Ungava Bay was formerly a summering area for beluga, but these appear to have been largely extirpated by past commercial and subsistence over-harvesting (Boulva 1981, Finley et al. 1982). Hunting closures came into effect in the late 20th century, however there are only occasional sightings of belugas in the summer in Ungava Bay now and the stock may now be extirpated (NAMMCO 2018).
Eastern Hudson Bay
In Eastern Hudson Bay, the population was subject to a large commercial harvest. This caused the fishery to experience a rapid decline by the late 1800s (de March & Postma 2003). Subsistence hunting continued after that time, but it was not until the 1980s that concerns about this population arose. Although recent management measures may have stabilized the population and even allowed some increase, it is still highly vulnerable to decline at current harvest levels (Doniol-Valcroze et al. 2011). The stock is presently classified as endangered by COSEWIC.
Belugas are not hunted in this area, however the stock may be subject to exploitation elsewhere (de March & Postma 2003).
Western Hudson Bay
Harvest of this stock has been estimated to be from 130 to 200 animals a year, which is likely a sustainable number for such a large group (NAMMCO 2000).
Commercial hunting of beluga occurred in this area starting in the late 1800s. It is estimated that 7,000 animals were taken between 1868 and 1939, not counting those which were struck and lost, mainly in Cumberland Sound (DFO 2002b). This level of harvest caused a reduction in the population. Quotas were introduced to restrict the hunt in Cumberland Sound in the 1980’s, and the population appears to have recovered somewhat since that time (DFO 2002a).
St Lawrence River
It has been estimated that about 16,000 animals were taken from this population between 1870 and 1960 (Kingsley 2002). This harvest, for commercial products, to protect fisheries and for recreation, was uncontrolled and led to serious depletion of the population. Studies in the early and mid 1970s found numbers in the low hundreds, and all hunting was prohibited in 1979 (Kingsley 2002).
REPORTED CATCHES IN NAMMCO MEMBER COUNTRIES
|Greenland||2020||North water + West Greenland||189||593|
|Greenland||1992||Total||*No reported catches||No quota|
This database of reported catches is searchable, meaning you can filter the information by for instance country, species or area. It is also possible to sort it by the different columns, in ascending or descending order, by clicking the column you want to sort by and the associated arrows for the order. By default, 30 entries are shown, but this can be changed in the drop-down menu, where you can decide to show up to 100 entries per page.
Carry-over from previous years are included in the quota numbers, where applicable.
You can find the full catch database with all species here.
You can find a complete file with all comments and explanations here, under Overview Documents.
For any questions regarding the catch database, please contact the Secretariat at email@example.com.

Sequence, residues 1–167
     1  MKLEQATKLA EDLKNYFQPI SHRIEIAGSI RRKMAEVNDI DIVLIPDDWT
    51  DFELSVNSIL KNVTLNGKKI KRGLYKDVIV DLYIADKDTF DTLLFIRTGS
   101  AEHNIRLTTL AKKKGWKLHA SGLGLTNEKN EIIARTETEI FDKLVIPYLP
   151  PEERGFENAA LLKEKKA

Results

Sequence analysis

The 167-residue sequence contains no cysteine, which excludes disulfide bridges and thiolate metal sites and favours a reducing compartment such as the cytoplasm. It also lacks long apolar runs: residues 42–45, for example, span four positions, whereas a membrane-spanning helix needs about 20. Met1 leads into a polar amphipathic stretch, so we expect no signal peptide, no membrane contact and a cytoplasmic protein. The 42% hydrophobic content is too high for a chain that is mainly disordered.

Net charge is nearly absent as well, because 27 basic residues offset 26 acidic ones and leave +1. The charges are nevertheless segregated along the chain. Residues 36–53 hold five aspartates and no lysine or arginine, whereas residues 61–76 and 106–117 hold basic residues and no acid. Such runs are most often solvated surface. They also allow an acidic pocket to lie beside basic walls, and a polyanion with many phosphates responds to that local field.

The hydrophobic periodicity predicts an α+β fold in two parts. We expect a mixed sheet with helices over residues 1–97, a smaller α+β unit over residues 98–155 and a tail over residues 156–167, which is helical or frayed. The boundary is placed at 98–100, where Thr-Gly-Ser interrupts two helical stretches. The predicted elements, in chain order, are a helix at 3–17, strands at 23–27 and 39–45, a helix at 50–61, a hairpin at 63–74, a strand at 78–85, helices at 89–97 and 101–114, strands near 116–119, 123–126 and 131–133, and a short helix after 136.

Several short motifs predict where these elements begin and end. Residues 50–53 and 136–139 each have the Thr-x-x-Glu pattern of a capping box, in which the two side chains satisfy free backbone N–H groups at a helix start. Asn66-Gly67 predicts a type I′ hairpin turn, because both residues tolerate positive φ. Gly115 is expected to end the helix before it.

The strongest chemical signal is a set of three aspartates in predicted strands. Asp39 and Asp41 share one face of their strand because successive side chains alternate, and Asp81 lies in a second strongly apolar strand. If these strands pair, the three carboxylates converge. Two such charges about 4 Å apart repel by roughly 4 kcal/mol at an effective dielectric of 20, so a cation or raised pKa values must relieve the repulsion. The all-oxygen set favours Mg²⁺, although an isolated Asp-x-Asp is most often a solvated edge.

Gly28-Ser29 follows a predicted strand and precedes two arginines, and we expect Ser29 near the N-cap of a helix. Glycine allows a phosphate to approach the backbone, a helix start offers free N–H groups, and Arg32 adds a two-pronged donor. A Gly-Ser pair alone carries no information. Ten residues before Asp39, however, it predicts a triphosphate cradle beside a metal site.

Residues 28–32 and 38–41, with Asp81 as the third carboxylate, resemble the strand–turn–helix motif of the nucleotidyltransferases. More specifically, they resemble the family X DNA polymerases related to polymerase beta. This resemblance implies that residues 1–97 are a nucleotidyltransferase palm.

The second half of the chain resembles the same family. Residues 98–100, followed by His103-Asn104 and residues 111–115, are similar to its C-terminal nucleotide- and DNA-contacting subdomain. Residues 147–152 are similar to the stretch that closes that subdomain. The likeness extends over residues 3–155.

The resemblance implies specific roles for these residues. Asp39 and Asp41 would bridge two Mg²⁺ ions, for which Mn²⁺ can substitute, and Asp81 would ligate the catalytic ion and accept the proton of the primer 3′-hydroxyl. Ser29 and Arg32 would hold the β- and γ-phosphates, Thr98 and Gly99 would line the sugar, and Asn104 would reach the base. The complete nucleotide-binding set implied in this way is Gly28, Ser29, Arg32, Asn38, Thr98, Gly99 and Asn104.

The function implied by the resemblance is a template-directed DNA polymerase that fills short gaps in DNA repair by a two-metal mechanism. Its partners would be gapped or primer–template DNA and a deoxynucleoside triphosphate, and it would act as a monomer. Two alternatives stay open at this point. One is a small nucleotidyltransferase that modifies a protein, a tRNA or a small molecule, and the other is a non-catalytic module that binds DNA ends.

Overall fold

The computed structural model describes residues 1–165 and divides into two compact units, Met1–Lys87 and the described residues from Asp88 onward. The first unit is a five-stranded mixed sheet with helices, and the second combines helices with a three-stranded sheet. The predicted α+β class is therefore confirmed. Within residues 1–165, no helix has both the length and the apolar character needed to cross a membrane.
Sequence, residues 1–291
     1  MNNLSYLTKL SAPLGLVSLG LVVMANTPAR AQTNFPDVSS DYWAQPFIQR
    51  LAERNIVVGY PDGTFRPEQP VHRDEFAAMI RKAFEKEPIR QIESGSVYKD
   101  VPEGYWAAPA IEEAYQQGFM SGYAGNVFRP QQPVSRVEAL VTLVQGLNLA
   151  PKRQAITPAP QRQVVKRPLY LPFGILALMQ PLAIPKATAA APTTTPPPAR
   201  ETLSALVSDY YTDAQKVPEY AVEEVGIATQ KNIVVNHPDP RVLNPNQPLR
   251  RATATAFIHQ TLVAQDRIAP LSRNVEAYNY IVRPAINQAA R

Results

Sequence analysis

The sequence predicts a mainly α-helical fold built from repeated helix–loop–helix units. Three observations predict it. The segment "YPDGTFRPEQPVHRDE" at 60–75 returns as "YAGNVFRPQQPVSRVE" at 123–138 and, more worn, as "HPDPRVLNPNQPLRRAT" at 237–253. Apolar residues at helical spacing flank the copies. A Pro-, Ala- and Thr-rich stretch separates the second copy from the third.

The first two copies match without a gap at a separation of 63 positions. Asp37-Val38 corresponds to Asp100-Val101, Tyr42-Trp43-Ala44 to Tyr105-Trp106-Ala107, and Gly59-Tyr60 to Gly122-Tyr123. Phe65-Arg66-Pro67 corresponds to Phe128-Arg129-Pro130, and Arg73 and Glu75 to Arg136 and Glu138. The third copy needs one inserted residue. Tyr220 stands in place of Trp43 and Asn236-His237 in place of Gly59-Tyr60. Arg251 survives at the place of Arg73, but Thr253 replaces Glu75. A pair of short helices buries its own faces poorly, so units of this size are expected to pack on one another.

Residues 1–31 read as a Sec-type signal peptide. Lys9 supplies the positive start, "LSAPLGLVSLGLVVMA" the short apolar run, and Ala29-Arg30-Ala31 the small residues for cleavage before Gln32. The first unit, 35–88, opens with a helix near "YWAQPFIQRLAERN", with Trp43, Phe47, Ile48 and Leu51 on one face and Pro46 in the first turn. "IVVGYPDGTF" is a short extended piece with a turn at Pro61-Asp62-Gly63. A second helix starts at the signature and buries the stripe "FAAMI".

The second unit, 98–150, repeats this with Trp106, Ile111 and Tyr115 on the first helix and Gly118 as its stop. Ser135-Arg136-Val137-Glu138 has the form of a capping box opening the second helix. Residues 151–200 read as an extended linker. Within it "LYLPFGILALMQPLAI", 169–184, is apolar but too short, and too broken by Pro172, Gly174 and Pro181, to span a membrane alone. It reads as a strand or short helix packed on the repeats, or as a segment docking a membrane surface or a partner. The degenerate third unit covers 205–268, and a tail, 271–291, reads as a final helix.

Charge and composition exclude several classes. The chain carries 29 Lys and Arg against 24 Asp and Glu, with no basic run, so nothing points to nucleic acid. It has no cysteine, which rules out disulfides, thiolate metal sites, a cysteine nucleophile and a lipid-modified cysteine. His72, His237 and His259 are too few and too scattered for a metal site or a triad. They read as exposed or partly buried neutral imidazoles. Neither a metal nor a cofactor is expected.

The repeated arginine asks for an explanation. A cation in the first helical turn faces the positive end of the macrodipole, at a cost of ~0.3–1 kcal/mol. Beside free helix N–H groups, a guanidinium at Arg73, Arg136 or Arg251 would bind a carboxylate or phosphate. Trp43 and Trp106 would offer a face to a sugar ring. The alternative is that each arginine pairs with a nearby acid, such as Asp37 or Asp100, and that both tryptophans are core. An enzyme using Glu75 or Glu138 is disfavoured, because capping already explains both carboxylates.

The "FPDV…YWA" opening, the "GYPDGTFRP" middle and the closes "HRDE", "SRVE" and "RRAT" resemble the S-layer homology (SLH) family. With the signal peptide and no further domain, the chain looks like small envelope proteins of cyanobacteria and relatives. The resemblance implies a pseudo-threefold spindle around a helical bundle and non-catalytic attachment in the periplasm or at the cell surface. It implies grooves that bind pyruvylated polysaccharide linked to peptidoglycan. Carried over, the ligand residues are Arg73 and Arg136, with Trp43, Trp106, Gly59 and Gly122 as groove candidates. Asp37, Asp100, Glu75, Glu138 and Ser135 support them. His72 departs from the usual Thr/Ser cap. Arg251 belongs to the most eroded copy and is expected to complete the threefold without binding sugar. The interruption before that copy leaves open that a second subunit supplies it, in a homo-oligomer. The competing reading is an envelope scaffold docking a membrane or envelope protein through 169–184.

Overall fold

With few exceptions, belugas inhabit isolated areas subject to seasonal ice cover that are not frequently used as shipping lanes. However, the southernmost beluga stock inhabits the St Lawrence River in Canada, which is one of the busiest shipping routes in the world. Here they are subject to high levels of noise, both from ships and whale-watching operations (McQuinn et al. 2011). The population-level consequences of shipping noise to this threatened population are unknown. However, belugas do appear to become habituated to some levels of noise over time.
More so than for other Arctic marine mammal species, the beluga is susceptible to contaminant exposure because of its habit of occupying river estuaries during parts of the summer. Rivers carry pollutants from inland and therefore tend to be more contaminated than offshore marine areas. One population particularly susceptible to marine contaminants is the St Lawrence River stock, because its habitat is the densely populated and heavily polluted St Lawrence River basin (DFO 2012). However, some other stocks, particularly those inhabiting northeastern Russia, may also be exposed to high levels of contaminants.
Belugas are top predators in the marine food web and therefore tend to accumulate relatively high levels of some contaminants in their tissues. Particularly high levels of organic contaminants (e.g. pesticides) are found in the fatty blubber layers, to the extent that beach-cast belugas in the St Lawrence river basin area must sometimes be treated as toxic waste.
Contaminants can affect survival in several ways, including increasing the rates of chronic diseases such as cancers, disrupting the immune system and increasing vulnerability to pathogens and parasites. They can also disrupt the reproductive system and decrease reproductive success (DFO 2012). While the extent to which contaminants are actually affecting the survival and reproduction at the population level are not known, contaminants are considered to be a major threat to the St Lawrence population (DFO 2012). A relatively high incidence of cancerous tumours has been observed in beach-cast carcasses, leading some to link this to environmental contamination (Martineau et al. 2002). This conclusion is, however, controversial, predominantly because the incidence of cancer in the general population is difficult to infer from the incidence in carcasses (Hammill et al. 2003).
EFFECTS OF CLIMATE CHANGE
In recent years, the eastern part of Baffin Bay and Davis Strait has had lighter pack ice cover during the winter and spring. Belugas have responded to this by extending their winter distribution farther west and north. This also affects the success of hunters in West Greenland as they must range further from the coast to gain access to belugas in light ice years. These effects demonstrate the influence of climate change on this stock of belugas and offers hope that this species might be flexible enough to adapt to a rapidly changing climate.